The PHANGS project is a new form of cosmic cartography that allows us to see the diversity of galaxies in a new light, literally. We are finally seeing the diversity of star-forming gas across many galaxies and are able to understand how they are changing over time. It was impossible to make these detailed maps before ALMA.

Erik Rosolowsky

These changes were compared to how people, residences, neighborhoods, and cities exhibit similar features yet differ from area to region and country to country.

“To understand how stars form, we need to link the birth of a single star back to its place in the Universe. It’s like linking a person to their home, neighborhood, city, and region. If a galaxy represents a city, then the neighborhood is the spiral arm, the house the star-forming unit, and nearby galaxies are neighboring cities in the region,” said Eva Schinnerer, an astronomer at the Max Planck Institute for Astronomy (MPIA) and principal investigator for the PHANGS collaboration “These observations have taught us that the “neighborhood” has small but pronounced effects on where and how many stars are born.”

The scientists looked for parallels and differences in the molecular gas characteristics and star formation processes of galaxy disks, stellar bars, spiral arms, and galaxy centers to better understand star formation in different types of galaxies. They confirmed that star formation is influenced by the location, or neighborhood.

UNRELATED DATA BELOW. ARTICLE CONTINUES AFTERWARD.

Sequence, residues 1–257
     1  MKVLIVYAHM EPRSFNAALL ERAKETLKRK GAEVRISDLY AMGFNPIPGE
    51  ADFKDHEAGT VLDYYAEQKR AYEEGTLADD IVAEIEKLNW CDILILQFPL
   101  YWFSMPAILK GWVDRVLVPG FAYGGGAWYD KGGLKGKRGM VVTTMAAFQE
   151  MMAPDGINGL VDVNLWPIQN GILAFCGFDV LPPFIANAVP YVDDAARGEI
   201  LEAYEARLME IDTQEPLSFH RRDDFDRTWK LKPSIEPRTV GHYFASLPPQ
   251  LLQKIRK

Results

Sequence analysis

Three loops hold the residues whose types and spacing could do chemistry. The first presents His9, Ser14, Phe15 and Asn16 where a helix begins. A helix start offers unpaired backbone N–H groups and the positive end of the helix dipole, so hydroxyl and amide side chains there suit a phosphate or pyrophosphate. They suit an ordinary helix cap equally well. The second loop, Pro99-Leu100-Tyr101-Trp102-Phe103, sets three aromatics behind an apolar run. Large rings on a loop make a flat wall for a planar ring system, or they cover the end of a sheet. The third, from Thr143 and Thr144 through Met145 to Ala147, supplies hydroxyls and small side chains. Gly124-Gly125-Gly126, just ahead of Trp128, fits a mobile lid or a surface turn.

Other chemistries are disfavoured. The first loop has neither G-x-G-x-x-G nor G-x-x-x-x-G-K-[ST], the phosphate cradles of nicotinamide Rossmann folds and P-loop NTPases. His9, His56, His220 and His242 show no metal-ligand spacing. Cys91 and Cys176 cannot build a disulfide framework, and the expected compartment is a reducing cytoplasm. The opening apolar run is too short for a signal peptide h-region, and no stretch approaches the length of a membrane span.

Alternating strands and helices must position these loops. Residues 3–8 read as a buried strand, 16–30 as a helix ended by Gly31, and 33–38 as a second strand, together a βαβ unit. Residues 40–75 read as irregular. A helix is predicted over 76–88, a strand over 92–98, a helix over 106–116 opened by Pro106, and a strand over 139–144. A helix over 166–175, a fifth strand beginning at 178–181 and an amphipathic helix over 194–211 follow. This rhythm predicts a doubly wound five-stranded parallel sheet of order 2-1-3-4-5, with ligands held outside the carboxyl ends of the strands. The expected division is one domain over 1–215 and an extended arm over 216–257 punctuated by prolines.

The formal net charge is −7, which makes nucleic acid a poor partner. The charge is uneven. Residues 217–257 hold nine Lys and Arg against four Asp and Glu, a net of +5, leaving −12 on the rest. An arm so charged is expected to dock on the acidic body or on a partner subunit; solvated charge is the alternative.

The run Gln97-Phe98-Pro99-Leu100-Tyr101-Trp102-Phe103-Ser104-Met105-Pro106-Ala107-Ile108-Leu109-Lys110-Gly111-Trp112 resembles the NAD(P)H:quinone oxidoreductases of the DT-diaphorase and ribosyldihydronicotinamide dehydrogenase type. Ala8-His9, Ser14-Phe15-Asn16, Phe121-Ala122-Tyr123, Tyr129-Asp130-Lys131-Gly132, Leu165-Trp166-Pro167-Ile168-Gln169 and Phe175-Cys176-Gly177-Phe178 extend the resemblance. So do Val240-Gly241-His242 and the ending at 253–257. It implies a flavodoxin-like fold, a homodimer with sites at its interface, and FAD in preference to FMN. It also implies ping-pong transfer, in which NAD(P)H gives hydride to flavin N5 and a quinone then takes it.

“By mapping different types of galaxies and the diverse range of environments that exist within galaxies, we are tracing the whole range of conditions under which star-forming clouds of gas live in the present-day Universe. This allows us to measure the impact that many different variables have on the way star formation happens,” said Guillermo Blanc, an astronomer at the Carnegie Institution for Science, and a co-author on the paper.

“How stars form, and how their galaxy affects that process, are fundamental aspects of astrophysics,” said Joseph Pesce, National Science Foundation’s program officer for NRAO/ALMA.

“The PHANGS project utilizes the exquisite observational power of the ALMA observatory and has provided remarkable insight into the story of star formation in a new and different way.”